Despite clear commitments and a great deal of rhetoric, the federal government has failed to take effective steps to bring its spending under control and to reduce its deficit. There is little doubt that a significant portion of the inflationary pressures which are continuing in this country are attributable directly to its inability or unwillingness to implement effective financial management the Report of the Royal Commission on Financial Management and Accountability, Mr. Speaker, which has been surprisingly somewhat downplayed during this period of the election when it could lave been a matter of some relativity to the electors of this country, and the Lambert Commission report made that very clear when it was released in March. For those in the House who may have read it, or may not have read it, I recommend it highly. Its conclusions and its proposals have elevator nee not only for the federal government but also the entire public sector.


There are a great many passages, and I want to quote one, in particular, to you. And I quote, and it says: "When we reject unemployment, as we all do, then we must ask ourselves unflinchingly, that is the cause of high unemployment? Quite simply and unequivocally it is caused by paying ourselves more than the value of what we produce. It is an absolute fact of life which no government, ,e it left or right, can alter. We used to think that you could just spend your way out of a recession and increase employment by cutting taxes and boosting government spending. I tell you in all and our that that option no longer exists. . . " -(Interjection)- It no longer exists, Mr. Speaker. . . . and that insofar as it ever did exist, it worked by injecting inflation into the economy. And at time that happened the average level of unemployment has risen, and each time we did this the twin evils of unemployment and inflation have hit hardest those least able to stand them our own people, the poor, the old and the sick."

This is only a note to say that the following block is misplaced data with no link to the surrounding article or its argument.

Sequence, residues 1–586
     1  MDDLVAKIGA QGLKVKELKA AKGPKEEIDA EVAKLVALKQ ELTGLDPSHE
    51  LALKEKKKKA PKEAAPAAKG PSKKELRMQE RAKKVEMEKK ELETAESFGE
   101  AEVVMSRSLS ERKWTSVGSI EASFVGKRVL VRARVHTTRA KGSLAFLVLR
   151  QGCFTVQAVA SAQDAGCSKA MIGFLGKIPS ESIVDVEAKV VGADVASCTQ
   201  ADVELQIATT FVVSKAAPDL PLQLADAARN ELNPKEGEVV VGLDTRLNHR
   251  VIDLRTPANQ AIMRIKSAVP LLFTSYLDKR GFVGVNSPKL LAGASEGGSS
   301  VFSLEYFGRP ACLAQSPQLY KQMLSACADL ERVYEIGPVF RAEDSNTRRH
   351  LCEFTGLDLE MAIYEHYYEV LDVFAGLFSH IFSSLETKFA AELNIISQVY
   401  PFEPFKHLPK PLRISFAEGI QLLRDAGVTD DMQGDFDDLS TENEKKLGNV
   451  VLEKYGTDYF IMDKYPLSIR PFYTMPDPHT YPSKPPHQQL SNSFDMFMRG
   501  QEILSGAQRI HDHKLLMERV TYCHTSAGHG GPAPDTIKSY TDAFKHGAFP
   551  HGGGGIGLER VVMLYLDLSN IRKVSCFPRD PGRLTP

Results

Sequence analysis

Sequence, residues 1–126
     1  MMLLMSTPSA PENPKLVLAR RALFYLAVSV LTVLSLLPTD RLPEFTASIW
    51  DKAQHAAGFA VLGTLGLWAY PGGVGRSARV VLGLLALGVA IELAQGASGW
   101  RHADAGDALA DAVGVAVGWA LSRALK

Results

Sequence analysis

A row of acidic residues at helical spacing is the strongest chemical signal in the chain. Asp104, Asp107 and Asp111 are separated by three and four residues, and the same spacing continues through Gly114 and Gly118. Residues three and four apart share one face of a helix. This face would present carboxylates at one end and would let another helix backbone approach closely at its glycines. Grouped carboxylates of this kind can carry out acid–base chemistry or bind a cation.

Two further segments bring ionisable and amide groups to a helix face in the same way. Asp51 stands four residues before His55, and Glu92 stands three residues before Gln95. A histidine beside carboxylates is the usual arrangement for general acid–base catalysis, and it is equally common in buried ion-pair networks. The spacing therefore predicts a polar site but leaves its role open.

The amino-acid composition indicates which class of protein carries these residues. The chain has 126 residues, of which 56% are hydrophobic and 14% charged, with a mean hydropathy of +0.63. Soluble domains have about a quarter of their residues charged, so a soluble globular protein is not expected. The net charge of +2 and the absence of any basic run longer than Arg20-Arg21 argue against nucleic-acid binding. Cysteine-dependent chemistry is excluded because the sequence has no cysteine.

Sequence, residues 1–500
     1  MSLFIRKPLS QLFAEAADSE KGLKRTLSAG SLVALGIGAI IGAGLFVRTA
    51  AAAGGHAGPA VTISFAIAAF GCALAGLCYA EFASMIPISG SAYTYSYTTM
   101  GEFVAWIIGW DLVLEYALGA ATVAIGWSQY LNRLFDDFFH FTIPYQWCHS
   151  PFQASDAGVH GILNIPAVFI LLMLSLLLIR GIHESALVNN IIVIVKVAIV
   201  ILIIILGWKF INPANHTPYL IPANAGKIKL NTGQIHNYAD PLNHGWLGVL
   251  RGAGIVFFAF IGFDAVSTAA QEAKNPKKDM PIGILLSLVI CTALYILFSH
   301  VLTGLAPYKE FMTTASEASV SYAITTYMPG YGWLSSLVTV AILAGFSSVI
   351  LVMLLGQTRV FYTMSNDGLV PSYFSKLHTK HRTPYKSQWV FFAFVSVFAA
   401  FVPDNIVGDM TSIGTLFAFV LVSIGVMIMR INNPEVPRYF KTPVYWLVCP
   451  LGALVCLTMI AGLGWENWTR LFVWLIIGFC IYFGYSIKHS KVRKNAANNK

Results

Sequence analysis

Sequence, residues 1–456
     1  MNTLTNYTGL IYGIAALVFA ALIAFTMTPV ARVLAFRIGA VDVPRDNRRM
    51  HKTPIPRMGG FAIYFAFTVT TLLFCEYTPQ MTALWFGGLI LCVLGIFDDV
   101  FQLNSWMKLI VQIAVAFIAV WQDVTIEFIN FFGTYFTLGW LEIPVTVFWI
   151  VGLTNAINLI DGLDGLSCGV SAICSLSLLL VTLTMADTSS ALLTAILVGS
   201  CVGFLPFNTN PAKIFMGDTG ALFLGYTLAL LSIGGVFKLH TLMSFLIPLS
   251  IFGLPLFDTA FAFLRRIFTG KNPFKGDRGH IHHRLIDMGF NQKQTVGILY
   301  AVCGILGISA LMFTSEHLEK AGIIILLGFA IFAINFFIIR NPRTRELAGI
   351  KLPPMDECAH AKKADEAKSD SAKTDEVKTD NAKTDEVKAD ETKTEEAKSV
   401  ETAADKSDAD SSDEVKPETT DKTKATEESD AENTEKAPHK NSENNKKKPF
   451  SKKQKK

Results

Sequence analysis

Mr. Speaker, that wasn't said by Mr. Lambert and it wasn't said by Herbert Hoover or Jimmy carter;

Mr. Speaker, that was said by the Prime Minister of Great Britain, James Callaghan, in 1976.

(lnterjections)- Mr. Speaker, James Callaghan sensed. . . Mr. Speaker, despite the comments of the Minister of Health, James Callaghan wasn't recognized as an arch Conservative; James Callaghan, unfortunately, knew what was taking place, knew the lesson from experience, but, unfortunately, too late in his political life, and our friends opposite, it's also too late but it's never too late to learn, although it may be for members opposite like the Member for Brandon East, who have been insulated from practical economics for many years.